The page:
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SizeNet: Weakly Supervised Learning of Visual Size and Fit in Fashion Images

May 28, 2019
Nour Karessli, Romain Guigourès, Reza Shirvany

Finding clothes that fit is a hot topic in the e-commerce fashion industry. Most approaches addressing this problem are based on statistical methods relying on historical data of articles purchased and returned to the store. Such approaches suffer from the cold start problem for the thousands of articles appearing on the shopping platforms every day, for which no prior purchase history is available. We propose to employ visual data to infer size and fit characteristics of fashion articles. We introduce SizeNet, a weakly-supervised teacher-student training framework that leverages the power of statistical models combined with the rich visual information from article images to learn visual cues for size and fit characteristics, capable of tackling the challenging cold start problem. Detailed experiments are performed on thousands of textile garments, including dresses, trousers, knitwear, tops, etc. from hundreds of different brands.

* IEEE Conference on Computer Vision and Pattern Recognition Workshop (CVPRW) 2019 Focus on Fashion and Subjective Search - Understanding Subjective Attributes of Data (FFSS-USAD) 

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What and Where: A Context-based Recommendation System for Object Insertion

Nov 24, 2018
Song-Hai Zhang, Zhengping Zhou, Bin Liu, Xin Dong, Dun Liang, Peter Hall, Shi-Min Hu

In this work, we propose a novel topic consisting of two dual tasks: 1) given a scene, recommend objects to insert, 2) given an object category, retrieve suitable background scenes. A bounding box for the inserted object is predicted in both tasks, which helps downstream applications such as semi-automated advertising and video composition. The major challenge lies in the fact that the target object is neither present nor localized at test time, whereas available datasets only provide scenes with existing objects. To tackle this problem, we build an unsupervised algorithm based on object-level contexts, which explicitly models the joint probability distribution of object categories and bounding boxes with a Gaussian mixture model. Experiments on our newly annotated test set demonstrate that our system outperforms existing baselines on all subtasks, and do so under a unified framework. Our contribution promises future extensions and applications.


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From Perception to Decision: A Data-driven Approach to End-to-end Motion Planning for Autonomous Ground Robots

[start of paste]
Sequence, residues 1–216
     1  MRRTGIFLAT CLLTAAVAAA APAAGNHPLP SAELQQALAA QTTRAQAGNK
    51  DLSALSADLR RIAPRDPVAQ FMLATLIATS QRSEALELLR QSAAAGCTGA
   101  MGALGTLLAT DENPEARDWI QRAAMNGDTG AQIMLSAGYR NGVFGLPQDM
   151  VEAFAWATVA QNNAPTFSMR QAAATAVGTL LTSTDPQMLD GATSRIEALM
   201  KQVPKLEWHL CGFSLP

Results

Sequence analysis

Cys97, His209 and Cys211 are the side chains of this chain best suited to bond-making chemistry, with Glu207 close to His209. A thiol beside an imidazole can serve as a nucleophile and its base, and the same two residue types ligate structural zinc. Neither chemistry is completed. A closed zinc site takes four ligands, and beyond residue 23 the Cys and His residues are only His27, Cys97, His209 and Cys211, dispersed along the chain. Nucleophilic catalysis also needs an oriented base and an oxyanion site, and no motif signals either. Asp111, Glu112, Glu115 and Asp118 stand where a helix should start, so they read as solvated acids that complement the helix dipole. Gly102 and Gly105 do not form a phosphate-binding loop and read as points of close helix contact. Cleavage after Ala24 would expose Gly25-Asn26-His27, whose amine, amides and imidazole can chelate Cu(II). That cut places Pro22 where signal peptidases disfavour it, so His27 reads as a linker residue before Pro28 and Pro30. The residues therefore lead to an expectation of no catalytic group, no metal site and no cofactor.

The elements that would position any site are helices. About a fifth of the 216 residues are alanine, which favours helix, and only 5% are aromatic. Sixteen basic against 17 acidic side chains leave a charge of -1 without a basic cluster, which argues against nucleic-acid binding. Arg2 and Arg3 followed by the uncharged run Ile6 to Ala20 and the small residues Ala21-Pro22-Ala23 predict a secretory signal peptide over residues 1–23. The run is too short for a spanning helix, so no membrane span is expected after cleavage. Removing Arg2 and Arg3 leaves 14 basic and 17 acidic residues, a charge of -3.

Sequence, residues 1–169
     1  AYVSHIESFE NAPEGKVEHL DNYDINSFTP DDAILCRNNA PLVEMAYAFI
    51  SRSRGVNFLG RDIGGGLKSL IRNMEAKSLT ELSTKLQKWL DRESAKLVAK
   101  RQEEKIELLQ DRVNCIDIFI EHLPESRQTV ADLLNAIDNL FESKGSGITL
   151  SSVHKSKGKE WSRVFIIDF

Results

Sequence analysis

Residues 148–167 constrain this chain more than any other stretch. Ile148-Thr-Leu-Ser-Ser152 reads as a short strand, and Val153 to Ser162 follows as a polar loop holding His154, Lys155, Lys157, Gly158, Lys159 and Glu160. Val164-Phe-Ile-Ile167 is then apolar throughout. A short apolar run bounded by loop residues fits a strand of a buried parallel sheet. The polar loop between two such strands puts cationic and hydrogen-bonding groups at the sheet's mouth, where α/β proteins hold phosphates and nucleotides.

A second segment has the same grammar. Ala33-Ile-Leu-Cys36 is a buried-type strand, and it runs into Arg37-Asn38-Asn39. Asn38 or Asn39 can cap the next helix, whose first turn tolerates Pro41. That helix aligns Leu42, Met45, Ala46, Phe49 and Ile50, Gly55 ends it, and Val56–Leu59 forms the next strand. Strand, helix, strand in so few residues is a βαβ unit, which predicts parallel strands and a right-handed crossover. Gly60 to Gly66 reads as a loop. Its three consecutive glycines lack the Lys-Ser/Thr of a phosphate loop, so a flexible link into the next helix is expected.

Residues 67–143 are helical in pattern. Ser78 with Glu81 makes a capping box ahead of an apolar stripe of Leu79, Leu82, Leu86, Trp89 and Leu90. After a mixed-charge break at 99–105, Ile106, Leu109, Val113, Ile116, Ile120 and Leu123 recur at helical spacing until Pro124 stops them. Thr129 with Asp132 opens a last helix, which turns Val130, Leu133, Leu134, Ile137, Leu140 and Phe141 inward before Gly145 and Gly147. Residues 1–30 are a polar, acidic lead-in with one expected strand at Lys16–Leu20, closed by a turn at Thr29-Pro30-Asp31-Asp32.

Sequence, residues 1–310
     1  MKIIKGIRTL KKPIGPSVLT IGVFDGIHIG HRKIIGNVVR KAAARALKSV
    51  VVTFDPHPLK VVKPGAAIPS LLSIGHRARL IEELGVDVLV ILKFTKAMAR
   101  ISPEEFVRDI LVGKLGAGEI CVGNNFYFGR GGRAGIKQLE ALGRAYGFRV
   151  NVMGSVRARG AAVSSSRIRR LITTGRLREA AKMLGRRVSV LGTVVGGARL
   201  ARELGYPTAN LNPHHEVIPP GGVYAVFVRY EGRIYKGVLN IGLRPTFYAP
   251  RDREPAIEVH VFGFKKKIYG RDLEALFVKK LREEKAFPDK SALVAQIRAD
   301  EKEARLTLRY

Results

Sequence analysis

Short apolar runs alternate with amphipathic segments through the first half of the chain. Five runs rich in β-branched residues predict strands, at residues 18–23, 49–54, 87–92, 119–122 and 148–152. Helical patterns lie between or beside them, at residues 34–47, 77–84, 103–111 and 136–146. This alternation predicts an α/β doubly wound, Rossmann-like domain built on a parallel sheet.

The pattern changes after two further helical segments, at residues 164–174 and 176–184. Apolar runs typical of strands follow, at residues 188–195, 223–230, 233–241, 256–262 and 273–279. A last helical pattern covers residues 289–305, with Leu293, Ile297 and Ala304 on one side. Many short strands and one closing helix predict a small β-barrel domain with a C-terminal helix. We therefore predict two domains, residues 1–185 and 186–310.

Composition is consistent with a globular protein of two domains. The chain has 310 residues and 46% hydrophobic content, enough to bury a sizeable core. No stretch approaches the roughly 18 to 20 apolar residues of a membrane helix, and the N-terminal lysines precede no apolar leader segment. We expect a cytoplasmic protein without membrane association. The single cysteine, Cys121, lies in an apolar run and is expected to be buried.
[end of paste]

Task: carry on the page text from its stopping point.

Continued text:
Nov 06, 2018
Mark Pfeiffer, Michael Schaeuble, Juan Nieto, Roland Siegwart, Cesar Cadena

Learning from demonstration for motion planning is an ongoing research topic. In this paper we present a model that is able to learn the complex mapping from raw 2D-laser range findings and a target position to the required steering commands for the robot. To our best knowledge, this work presents the first approach that learns a target-oriented end-to-end navigation model for a robotic platform. The supervised model training is based on expert demonstrations generated in simulation with an existing motion planner. We demonstrate that the learned navigation model is directly transferable to previously unseen virtual and, more interestingly, real-world environments. It can safely navigate the robot through obstacle-cluttered environments to reach the provided targets. We present an extensive qualitative and quantitative evaluation of the neural network-based motion planner, and compare it to a grid-based global approach, both in simulation and in real-world experiments.

* presented at the IEEE International Conference on Robotics and Automation (ICRA) 2017 

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Categorization of Comparative Sentences for Argument Mining

Sep 17, 2018
Mirco Franzek, Alexander Panchenko, Chris Biemann

We present the first work on domain-independent comparative argument mining (CAM), which is the automatic extraction of direct comparisons from text. After motivating the need and identifying the widespread use of this so far under-researched topic, we present the first publicly available open-domain dataset for CAM. The dataset was collected using crowdsourcing and contains 7199 unique sentences for 217 distinct comparison target pairs selected over several domains, of which 27% contain a directed (better vs. worse) comparison. In classification experiments, we examine the impact of representations, features, and classifiers, and reach an F1-score of 88% with a gradient boosting model based on pre-trained sentence embeddings, especially reliably identifying non-comparative sentences. This paves the way for domain-independent comparison extraction from web-scale corpora for the use in result ranking and presentation for comparative queries.